Rovio, the creators of Angry Birds have partnered with 20th Century Fox and placed a secret code in the commercial for “Rio” – 20th Century Fox’s new family film. When entered into Angry Birds, the code unlocks a new level in the game.  However finding the code is somewhat of a game in itself.

Viewers are invited to watch the 30-second commercial frame by frame in order find the code. After unlocking and completing the new level, each player will be entered into a Rio contest. The grand prize winner will be flown to the Rio premier in Brazil on March 22 – which so happens to be the release date of “Angry Birds Rio.”

I didn’t catch the code in the live airing, but I didn’t get hung up over it. I had a feeling that Fox wasn’t expecting people to pause the most popular sporting event of the year. After the game ended, I jumped online and did some googling. As suspected, I wasn’t alone in missing the code. In fact, there was quite a buzz on forums about what the code was and how to enter it into the game.

Reluctant to take the easy way out, I found the commercial on YouTube and dug in. It must have taken me 2 or 3 views before finding the code. As a result the movie had been embedded into my brain. I can confidently say I’m a “Rio expert.” I can tell you a detailed description of the plot, which actors will be lending their voice to the roles, the release date, and just about anything else you need to know. It was a clever little trick that Rovio and 20th Century played on me. I’m not even an Angry Birds player and yet I found myself caught up in the allure of this secret code.

To take the synergy even further, 20th Century Fox has put Rio locations and characters in the new game. Imagine those 50 million+ owners of the original Angry Birds identifying with an entirely new cast of characters. Come March 22, it’s a safe bet that 20th Century Fox will be winning over some new Rio fans.

I didn’t mind taking part in their scavenger hunt and I’m not ashamed to say that I fell for it. At the end of the day it was fun. It’s refreshing to see new marketing approaches and exciting to see how they play out. This particular campaign blurred the lines between marketing and entertainment, and it was this straddling of the line that made me fall victim.  I doubt I’m going to the theatres on opening night, but I am now part of the hype. Now if I can just get my hands on an iPhone…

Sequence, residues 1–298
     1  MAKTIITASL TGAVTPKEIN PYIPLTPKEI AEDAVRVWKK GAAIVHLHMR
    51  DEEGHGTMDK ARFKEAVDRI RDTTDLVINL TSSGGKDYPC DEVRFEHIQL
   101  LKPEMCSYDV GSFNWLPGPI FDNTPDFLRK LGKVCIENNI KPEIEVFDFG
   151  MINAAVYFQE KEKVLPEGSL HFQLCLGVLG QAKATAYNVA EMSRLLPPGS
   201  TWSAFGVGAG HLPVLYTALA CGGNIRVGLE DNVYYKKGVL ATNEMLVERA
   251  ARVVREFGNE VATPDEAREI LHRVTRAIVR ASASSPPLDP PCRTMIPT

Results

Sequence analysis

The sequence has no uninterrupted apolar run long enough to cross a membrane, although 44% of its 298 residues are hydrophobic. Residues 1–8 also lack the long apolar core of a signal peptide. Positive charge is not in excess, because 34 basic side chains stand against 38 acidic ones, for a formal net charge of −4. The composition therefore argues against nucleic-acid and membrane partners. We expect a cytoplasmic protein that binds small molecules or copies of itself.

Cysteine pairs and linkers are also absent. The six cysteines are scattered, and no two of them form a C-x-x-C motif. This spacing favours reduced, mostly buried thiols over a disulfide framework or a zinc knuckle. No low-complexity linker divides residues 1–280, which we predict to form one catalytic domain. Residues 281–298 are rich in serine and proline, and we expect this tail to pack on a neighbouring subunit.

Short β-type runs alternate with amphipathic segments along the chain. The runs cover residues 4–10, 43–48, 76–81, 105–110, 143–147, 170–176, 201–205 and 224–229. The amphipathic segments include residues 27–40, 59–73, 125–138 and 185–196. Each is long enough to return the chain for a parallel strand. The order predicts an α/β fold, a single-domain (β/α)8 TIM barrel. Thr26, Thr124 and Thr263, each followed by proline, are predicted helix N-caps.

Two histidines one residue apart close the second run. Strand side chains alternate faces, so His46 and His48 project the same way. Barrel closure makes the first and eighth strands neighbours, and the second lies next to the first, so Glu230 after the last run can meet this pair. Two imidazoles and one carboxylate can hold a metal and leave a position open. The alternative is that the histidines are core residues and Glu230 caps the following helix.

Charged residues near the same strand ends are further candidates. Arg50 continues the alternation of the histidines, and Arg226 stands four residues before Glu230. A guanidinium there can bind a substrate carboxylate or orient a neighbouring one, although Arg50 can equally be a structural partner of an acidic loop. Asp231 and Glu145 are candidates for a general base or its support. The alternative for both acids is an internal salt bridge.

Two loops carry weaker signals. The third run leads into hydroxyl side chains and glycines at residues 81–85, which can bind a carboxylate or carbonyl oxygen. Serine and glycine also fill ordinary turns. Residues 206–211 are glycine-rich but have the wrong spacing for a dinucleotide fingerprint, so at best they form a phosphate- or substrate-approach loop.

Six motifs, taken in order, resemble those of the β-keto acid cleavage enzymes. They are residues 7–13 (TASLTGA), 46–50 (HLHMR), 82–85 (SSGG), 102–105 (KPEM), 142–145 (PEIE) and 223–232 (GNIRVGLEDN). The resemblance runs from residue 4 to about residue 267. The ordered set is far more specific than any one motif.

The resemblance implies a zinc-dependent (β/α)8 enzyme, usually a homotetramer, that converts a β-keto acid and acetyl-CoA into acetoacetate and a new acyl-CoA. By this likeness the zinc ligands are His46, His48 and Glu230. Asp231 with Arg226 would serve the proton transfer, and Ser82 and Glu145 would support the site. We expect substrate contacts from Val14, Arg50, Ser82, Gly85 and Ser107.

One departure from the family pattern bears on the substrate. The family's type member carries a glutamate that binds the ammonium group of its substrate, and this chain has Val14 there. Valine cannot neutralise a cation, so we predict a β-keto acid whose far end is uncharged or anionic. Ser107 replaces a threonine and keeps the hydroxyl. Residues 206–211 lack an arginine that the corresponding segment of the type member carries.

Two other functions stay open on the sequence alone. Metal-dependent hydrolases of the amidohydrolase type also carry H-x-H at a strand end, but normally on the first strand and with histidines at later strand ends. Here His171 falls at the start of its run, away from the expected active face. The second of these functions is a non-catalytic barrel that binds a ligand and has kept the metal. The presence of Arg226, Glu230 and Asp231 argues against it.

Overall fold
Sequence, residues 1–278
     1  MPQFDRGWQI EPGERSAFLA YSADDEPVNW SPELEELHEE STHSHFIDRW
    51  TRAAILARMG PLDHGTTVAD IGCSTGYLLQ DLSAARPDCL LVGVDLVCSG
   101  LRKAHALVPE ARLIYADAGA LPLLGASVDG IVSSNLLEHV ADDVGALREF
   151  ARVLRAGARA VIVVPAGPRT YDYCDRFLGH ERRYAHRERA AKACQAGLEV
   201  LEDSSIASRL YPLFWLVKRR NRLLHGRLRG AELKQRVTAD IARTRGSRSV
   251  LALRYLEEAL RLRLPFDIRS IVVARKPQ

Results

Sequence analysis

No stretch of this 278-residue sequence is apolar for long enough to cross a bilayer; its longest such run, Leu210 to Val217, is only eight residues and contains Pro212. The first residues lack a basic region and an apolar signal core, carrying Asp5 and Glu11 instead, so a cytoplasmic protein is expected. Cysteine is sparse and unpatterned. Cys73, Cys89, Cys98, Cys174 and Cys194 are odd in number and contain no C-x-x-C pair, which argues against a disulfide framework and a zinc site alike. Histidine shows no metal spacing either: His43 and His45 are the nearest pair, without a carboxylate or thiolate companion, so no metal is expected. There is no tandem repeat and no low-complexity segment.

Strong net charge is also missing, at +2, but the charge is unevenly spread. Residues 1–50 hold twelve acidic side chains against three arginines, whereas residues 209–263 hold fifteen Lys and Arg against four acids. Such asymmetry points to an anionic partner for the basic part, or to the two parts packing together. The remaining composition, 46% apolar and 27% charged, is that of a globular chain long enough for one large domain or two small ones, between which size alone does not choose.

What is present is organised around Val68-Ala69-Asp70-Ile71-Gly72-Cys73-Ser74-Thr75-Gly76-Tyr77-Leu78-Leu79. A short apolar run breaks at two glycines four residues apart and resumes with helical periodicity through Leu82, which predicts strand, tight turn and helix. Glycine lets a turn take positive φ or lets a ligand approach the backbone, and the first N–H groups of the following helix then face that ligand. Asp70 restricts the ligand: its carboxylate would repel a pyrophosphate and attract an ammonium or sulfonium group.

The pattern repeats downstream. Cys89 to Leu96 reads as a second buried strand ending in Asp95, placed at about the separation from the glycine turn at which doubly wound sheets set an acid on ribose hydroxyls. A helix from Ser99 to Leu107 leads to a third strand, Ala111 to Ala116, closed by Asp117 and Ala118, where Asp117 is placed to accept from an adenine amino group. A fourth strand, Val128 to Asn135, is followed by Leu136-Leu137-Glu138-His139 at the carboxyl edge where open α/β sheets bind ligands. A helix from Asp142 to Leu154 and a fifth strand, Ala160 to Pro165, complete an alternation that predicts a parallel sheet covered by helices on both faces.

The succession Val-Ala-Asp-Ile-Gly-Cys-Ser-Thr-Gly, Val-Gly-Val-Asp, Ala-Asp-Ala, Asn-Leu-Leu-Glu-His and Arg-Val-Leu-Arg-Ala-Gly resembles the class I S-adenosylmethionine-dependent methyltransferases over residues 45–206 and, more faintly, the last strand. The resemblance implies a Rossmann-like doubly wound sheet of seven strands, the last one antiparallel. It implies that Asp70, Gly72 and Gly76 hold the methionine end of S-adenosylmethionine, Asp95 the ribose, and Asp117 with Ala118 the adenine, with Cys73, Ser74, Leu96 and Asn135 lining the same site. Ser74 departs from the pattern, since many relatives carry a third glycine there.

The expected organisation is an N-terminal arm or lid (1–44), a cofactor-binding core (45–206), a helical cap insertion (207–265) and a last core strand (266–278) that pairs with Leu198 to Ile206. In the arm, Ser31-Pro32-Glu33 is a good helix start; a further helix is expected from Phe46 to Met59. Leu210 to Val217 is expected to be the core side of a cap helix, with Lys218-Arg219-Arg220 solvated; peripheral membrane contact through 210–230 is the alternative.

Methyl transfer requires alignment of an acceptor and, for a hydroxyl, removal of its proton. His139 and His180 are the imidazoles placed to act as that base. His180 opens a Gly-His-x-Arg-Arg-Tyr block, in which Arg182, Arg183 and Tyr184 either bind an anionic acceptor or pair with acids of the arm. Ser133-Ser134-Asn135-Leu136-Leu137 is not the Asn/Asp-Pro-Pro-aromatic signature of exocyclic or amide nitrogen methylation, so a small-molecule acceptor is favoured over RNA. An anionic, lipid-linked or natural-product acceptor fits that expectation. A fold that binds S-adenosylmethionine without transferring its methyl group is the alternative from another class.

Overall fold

Palio is a full-spectrum global pharmaceutical and consumer advertising, marketing, and communications agency that excels in brand creation and specializes in brand strategy, product launches, global marketing, and digital and integrated media.

To App or Not to App? That is a Good Question.

From Nanette Foster, VP, Brand Planning Director

It’s staggering to think about the number of apps people can download today. The latest estimate I saw from Apple was that there are over 100,000 iPhone apps. I guess it’s safe to say there are a lot of apps when the new iPhone Arcade on FaceBook is needed to help us navigate the sea of app choices. The information that is now available right at our fingertips when using apps is mind-boggling, for sure, but it’s also so much fun! While there’s no disputing that apps are fun, as brand builders we need to pause and ask whether they are a viable medium that can help build brands.

When I started my little investigation, I really felt the value to be gained with branded apps was suspect. At first glance, to me, they seemed to be the latest “shiny new toy” for us marketing folk to get excited about, lacking any real brand-building value. However, I must admit I’ve changed my tune after my experience with a few branded apps that really know what they’re doing. Creating branded apps can be a great way to extend your brand experience to touch your consumers more frequently and in a 3-dimensional way.

As you consider to “app in” or “app out” for your brands, here are a few helpful things I learned from the new Kate Spade app to help guide effective branded app development:

  1. Practicality wins. What are you giving your consumers that will help them in their everyday lives? The Kate Spade app provides its followers with a calendar that provides real daily functionality.
  2. Provide a brand experience. The Kate Spade app provides its user the thrill of fashion in the city. Visually and verbally, this app pays off the designer’s vision and mission for her brand. It extends the brand message and entrenches the brand within the lives of its customers.
  3. Lead with a real consumer need. The user has access to a calendar that not only does the expected calendar stuff, but also feeds the user’s need to be “in the know” regarding all things fashion. The calendar flags fashion events, sample sales, and New York City scene activity, furthering the brand’s position as their resource for all things fashion.
© 2011 Palio.com